Macular Degeneration Research
Jiyang Cai, Ph.D.
University of Texas Medical Branch
Galveston, TX, United States
Title: Exosomal microRNA from the RPE
Non-Technical Title: Small RNAs as signaling molecules between the RPE and choroid
Duration: July 1, 2012 - June 30, 2014
Award Type: Standard
Award Amount: $100,000
Interactions between the retinal pigment epithelium (RPE,) the cell layer that nourishes and detoxifies the retina, and their underlying choroidal blood vessels are critical in maintaining the structure and functions of the outer retina. Dr. Jiyang Cai and colleagues are examining how RPE cell delivery bubbles (called microvesicles) can transfer genetic materials to the choroidal blood vessel cells and alter their functions. Results from this study could reveal a new cause of age-related macular degeneration (AMD).
Dr. Jiyang Cai and colleagues will use integrated genetics tools to study animals engineered to have age-related macular degeneration (AMD). Specifically for this project, they are investigating the hypothesis that the RPE and blood vessel cells communicate with each other by transferring small genetic fragments (called microRNAs) that then change the functions of the recipient cells.
Recent studies suggest that not only are there problems with the RPE, but that the choroidal blood vessels underneath the RPE also degenerate early in AMD. The RPE and the choroidal endothelial cells are separated by a thin barrier known as Bruch's membrane. It is unclear what signals are exchanged between the two types of cells and how their normal communication is interrupted during early AMD. Preliminary work completed by this research group has shown that microvesicles released from the RPE contain various small RNA fragments. The proposed studies will further examine how stress conditions related to AMD may change the content of these RPE microvesicles that, in turn, may alter functions of the choroidal endothelial cells.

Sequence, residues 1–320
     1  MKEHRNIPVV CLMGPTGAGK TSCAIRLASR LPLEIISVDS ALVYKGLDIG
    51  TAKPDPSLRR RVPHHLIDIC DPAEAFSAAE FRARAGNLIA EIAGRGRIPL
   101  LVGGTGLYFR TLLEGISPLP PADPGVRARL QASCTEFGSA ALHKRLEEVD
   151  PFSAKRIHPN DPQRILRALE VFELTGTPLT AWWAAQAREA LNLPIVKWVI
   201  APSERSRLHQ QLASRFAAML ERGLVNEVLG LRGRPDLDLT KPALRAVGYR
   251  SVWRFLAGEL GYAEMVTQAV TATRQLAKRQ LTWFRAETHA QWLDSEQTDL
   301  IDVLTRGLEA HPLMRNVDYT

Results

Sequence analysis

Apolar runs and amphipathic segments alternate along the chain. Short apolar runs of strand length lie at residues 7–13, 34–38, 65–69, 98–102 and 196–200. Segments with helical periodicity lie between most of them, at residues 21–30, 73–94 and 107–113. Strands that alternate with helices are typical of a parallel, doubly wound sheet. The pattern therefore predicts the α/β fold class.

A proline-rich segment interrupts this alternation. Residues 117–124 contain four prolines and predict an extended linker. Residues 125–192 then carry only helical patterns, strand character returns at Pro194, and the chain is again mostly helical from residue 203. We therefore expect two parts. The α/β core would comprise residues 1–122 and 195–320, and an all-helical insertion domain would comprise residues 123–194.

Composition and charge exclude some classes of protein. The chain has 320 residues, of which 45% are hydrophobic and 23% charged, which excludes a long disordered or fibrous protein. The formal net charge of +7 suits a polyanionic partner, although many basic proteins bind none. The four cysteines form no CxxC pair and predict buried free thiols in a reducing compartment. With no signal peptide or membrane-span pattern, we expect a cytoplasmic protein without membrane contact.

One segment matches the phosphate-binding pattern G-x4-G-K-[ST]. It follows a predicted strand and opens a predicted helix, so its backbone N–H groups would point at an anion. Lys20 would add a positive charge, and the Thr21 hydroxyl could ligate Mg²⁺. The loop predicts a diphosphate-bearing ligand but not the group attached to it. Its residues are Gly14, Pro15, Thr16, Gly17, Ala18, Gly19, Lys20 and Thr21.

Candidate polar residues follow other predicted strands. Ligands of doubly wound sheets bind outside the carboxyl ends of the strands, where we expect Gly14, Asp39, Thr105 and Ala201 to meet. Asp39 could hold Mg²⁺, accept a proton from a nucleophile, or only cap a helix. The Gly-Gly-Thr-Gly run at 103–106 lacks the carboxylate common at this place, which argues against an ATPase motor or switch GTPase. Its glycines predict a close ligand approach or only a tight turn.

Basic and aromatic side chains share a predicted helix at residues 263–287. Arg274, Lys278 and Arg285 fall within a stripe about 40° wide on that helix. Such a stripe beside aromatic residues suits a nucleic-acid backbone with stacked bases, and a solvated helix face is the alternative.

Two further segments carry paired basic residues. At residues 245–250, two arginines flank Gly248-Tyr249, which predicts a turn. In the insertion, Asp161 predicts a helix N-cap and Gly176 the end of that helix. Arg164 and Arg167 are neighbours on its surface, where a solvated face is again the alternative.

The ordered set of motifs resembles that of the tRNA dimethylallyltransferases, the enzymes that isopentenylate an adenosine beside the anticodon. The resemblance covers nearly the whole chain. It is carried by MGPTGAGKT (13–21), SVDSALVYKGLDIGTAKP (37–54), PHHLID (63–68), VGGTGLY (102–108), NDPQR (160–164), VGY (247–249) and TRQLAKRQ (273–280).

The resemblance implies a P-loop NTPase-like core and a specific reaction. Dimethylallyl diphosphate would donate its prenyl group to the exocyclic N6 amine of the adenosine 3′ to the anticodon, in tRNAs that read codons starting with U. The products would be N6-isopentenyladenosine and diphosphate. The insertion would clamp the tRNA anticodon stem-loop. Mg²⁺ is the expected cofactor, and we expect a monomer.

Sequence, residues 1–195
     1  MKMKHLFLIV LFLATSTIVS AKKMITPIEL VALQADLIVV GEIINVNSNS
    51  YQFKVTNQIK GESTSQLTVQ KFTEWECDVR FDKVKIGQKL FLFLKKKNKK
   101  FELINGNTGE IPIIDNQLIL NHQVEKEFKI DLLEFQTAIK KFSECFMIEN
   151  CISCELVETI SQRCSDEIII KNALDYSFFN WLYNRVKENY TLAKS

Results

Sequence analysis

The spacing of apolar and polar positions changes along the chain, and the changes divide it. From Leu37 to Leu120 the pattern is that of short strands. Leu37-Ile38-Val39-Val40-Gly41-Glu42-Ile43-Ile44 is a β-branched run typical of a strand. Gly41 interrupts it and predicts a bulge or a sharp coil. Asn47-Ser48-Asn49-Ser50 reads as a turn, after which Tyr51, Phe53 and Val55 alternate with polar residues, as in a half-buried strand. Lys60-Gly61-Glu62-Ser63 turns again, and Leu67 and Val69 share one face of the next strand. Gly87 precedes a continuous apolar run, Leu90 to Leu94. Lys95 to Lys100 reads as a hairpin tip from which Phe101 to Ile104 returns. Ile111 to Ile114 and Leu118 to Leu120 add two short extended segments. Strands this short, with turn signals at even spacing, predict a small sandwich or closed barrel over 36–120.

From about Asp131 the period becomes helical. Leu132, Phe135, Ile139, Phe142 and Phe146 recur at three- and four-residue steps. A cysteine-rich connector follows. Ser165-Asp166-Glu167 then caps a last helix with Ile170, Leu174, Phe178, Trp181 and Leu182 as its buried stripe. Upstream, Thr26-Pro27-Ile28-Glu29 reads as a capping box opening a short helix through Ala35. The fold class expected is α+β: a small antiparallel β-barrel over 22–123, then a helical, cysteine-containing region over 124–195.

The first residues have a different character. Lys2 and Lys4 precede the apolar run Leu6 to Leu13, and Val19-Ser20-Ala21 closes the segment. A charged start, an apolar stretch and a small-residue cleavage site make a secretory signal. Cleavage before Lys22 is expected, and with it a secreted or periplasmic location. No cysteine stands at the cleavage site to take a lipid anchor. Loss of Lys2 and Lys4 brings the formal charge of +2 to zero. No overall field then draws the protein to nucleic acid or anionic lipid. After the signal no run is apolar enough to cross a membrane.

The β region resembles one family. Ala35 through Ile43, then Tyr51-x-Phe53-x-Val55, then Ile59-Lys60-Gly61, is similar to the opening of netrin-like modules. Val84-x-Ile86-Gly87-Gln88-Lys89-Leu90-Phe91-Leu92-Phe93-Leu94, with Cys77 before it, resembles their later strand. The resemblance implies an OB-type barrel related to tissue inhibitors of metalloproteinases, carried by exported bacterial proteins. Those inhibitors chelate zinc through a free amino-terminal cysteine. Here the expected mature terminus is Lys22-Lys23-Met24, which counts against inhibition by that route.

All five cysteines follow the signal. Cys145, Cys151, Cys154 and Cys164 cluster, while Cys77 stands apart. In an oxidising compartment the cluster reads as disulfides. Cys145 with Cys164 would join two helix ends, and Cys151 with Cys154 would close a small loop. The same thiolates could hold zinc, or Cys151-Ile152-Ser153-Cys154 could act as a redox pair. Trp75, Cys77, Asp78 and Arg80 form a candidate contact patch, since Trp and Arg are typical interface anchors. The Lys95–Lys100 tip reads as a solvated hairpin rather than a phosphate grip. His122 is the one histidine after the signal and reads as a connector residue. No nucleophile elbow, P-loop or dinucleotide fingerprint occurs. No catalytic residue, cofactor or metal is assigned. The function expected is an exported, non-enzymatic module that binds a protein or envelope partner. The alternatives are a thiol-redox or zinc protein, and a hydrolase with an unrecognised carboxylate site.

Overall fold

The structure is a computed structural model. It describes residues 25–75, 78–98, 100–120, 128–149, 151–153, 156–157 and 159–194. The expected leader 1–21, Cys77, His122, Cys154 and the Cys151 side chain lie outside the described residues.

This proposal will use various innovative approaches, such as a new mouse engineered to have AMD and a technique called high throughput gene array. Cai is studying a mechanism that accounts for the early dysfunction of RPE and choroid—perhaps chronic oxidative injury is a major factor of RPE degeneration and dry AMD. The results from this research could lead to a new AMD treatment with emphasis on strengthening the protection and repair mechanisms of the RPE. Hopefully, this can be achieved by target-based nutritional intervention combined with a healthy lifestyle.
Dr. Jiyang Cai is an Assistant Professor of Ophthalmology at the University of Texas Medical Branch at Galveston. He completed his doctoral studies at Emory University and previously held a faculty position at Vanderbilt University. Cai's laboratory focuses on molecular mechanisms of age-related macular degeneration (AMD) and uses animal model, cell culture, and clinical approaches to study different perspectives of the disease. In addition to the AHAF award, Cai has received a number of grants from both NIH and various eye research foundations.